I grew up in suburban New Jersey, and the closest I ever came to a cow in my youth was petting one through the fence at a neighboring county’s annual agricultural fair. Our people were not farmers. Our people were businessmen who commuted to the city each morning, or teachers, or, well, the sort of people who didn’t get their hands dirty. Manual labor was frowned upon. Our high school education prepared us to go to college, and from there, we were expected to move into business or computer science. What can I say? It was the eighties.
I, personally, was not interested in either of those career paths. I happily married my young soldier and gave up trying to do whatever they expected of me. I settled down to raising our family and helping my man be all he could be. We were happy, and when it came time to retire, Dave fulfilled a life-long dream of mine and bought us a little farm near Fort Knox.
My dad was not pleased. He grew up on a farm with eight brothers and sisters, and he strongly associates farming with poverty. He tried mightily to discourage us, and I must admit he has a point. Any sort of agricultural endeavor is a lot of physical labor, a lot of time spent managing and troubleshooting, and a lot of time spent trying to market your product, with very little cash coming in to make up for it. It’s really helpful to have some other kind of income.
I don’t want to discourage anybody, though. It’s some of the best work a person could choose to do. Although we dabble in many things, our bread-and-butter (well, just butter) is a small-scale dairy. We milk those cows twice a day, every single day, no matter the weather, or the importance of the holiday on the calendar, or even our health. You’d think that would get tedious, but it doesn’t. It’s just part of the routine, like morning coffee, or taking a shower, or changing the baby’s diaper. We just do it, every day, no matter what.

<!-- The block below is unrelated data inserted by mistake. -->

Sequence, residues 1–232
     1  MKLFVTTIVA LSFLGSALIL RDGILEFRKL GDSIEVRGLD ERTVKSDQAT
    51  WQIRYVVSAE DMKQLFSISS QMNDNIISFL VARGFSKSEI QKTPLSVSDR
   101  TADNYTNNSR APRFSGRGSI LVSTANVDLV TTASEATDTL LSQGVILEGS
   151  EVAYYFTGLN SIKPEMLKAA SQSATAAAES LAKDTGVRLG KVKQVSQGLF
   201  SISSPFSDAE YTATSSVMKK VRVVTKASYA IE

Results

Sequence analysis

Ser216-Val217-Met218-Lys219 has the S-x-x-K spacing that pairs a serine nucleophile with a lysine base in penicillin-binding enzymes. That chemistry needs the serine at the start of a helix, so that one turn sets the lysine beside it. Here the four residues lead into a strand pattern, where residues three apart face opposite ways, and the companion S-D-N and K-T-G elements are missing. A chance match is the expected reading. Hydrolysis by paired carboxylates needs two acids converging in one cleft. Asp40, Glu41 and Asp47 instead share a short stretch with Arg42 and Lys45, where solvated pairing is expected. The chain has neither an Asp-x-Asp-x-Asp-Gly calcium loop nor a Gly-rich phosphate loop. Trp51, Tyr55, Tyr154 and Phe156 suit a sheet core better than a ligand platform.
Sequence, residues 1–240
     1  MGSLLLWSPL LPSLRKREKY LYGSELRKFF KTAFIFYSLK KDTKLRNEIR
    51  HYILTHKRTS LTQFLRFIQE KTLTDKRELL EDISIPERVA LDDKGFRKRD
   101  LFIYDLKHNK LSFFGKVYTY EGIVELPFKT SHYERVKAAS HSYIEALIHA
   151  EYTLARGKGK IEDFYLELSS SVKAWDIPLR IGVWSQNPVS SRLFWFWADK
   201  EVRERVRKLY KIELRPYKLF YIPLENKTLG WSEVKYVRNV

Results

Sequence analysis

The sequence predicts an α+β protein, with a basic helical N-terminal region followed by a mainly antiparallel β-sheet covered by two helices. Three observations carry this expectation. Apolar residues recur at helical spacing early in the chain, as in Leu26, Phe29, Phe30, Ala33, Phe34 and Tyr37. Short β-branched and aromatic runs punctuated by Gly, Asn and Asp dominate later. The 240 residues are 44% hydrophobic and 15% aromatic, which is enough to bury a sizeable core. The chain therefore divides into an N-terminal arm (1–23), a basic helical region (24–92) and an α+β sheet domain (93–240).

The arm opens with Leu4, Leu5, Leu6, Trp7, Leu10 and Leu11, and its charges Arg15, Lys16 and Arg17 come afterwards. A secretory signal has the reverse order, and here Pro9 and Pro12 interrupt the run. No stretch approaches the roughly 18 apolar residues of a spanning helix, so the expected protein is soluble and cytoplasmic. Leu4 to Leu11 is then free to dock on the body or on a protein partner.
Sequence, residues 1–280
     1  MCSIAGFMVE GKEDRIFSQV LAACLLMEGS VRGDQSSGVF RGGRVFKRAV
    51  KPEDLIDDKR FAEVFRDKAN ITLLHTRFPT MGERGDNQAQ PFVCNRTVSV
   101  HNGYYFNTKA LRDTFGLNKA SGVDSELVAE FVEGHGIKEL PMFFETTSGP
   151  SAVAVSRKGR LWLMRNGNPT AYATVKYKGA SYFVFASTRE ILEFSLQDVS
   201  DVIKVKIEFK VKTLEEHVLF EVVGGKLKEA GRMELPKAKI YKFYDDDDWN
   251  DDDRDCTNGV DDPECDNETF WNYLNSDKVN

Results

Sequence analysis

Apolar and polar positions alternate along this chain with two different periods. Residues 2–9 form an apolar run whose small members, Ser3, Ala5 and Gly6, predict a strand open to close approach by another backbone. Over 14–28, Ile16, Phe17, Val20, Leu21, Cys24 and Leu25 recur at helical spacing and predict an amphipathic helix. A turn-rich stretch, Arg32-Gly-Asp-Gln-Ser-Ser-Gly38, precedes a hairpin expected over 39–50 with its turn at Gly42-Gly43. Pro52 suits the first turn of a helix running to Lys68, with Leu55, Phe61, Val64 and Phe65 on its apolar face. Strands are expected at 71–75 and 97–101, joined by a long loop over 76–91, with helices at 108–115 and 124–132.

In exchange for our dedication, we’ve gained physical strength and improved overall health, nutritious and relatively inexpensive food, and an excuse to stay home. (I will admit, though, to occasionally longing to travel! The Army life dies hard.)
I thank God every day for this little piece of Earth, for the beautiful cows He so graciously provided at just the right moment, and for the family I live this life for and with. I wouldn’t change a thing.